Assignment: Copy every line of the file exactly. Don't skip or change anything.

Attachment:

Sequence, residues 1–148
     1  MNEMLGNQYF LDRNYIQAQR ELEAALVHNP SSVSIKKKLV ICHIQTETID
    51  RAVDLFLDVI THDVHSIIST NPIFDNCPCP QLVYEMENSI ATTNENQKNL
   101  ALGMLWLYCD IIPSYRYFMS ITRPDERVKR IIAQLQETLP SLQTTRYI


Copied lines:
Sequence, residues 1–148
     1  MNEMLGNQYF LDRNYIQAQR ELEAALVHNP SSVSIKKKLV ICHIQTETID
    51  RAVDLFLDVI THDVHSIIST NPIFDNCPCP QLVYEMENSI ATTNENQKNL
   101  ALGMLWLYCD IIPSYRYFMS ITRPDERVKR IIAQLQETLP SLQTTRYI